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“Apologia Pro Vita Sua” [Defence of his own life]
The poet in his lone yet genial hour
Gives to his eyes a magnifying power:
Or rather he emancipates his eyes
From the black shapeless accidents of size—
In unctuous cones of kindling coal,
Or smoke upwreathing from the pipe’s trim bole,
His gifted ken can see
Phantoms of sublimity.
Shaped somewhat like the eye it describes, this Coleridge poem captures thoughts of greater magnitude than one might expect from the humble size of human eyes. In the same way that the reach of eyesight exceeds the physical dimensions of the eye, the poet, as he uses his eyes, employs imagination to exceed the limits of physical eyesight. In doing so, Coleridge revitalizes the reader’s attention to their own senses, and they share through poetic expression the “magnifying power” of Coleridge’s unique vision, emancipating their own vision to see more than the bare senses can provide. By reminding us that “the black shapeless accidents of size” of our pupils can, with a loving gaze, create warmth in the way that black coal does, it also reminds us that our senses capture a world richer in meaning than a merely empirical approach to their capacities can yield. The unreality of the poet’s creations, the phantoms of sublimity which haunt his writing, thus become less disconnected from life in general when we remember the necessity of imagination even for interpreting the images which meet our literal eyesight.
Likewise, as he concludes his prose masterpiece, the Biographia Literaria, Coleridge reflects on the eye:
This has been my object, and this alone can be my defence—and O! that with this my personal as well as my LITERARY LIFE might conclude!—the unquenched desire I mean, not without the consciousness of having earnestly endeavoured to kindle young minds, and to guard them against the temptations of scorners, by showing that the scheme of Christianity, as taught in the liturgy and homilies of our Church, though not discoverable by human reason, is yet in accordance with it; that link follows link by necessary consequence; that Religion passes out of the ken of Reason only where the eye of Reason has reached its own horizon. [Emphasis added]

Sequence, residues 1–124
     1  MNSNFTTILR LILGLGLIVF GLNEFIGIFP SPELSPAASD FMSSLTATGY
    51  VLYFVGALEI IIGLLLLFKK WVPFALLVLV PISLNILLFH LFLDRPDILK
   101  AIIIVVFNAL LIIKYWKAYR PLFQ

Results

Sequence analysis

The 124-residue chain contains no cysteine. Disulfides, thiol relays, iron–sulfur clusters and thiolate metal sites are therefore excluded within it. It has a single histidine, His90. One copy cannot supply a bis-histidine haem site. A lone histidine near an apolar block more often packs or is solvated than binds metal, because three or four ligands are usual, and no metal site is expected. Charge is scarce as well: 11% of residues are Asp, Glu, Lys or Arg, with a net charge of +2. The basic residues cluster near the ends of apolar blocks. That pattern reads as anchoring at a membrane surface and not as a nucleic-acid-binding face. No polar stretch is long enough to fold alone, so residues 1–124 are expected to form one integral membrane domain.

Here we see that Coleridge makes a direct connection between his literary life–the process of discovering how narrative and poetics intertwine with the history of philosophy–and the defensibility of “the scheme of Christianity, as taught in the liturgy and homilies of our Church.” The metaphor of reason as an eye with a limiting horizon recalls the poetic eye of “Apologia Pro Vita Sua” and its capacity to perceive “phantoms of sublimity” beyond the scope of the literal eye. Taking the two eyes together, we can conclude that literature has something to contribute to reason not only when it operates within its natural purview (i.e. the sensible world) but also when it attempts to grasp the truths of revelation in the liturgy and homilies of the Church. When we understand the philosophical value of the imagination to reason per se (as in the “Apologia”), then it becomes easier to reconcile the apparent bifurcation between reason and faith. Elsewhere in the Biographia, Coleridge states that “Faith is then but its [reason’s] continuation: even as the day softens away into the sweet twilight, and twilight, hushed and breathless, steals into the darkness.” The poetic comparison of the transition from daylight to twilight with the transition from human reason to the mysteries of faith not only provides a metaphor to conceptualize that latter transition, but constitutes an argument from it: that, in essence, the supposed dichotomy between faith and reason comes from a failure to properly conceptualize the role of imaginative expression in the pursuit of truth. It comes from a failure to realize that rational perception without poetry constitutes a paltry view of rationality itself.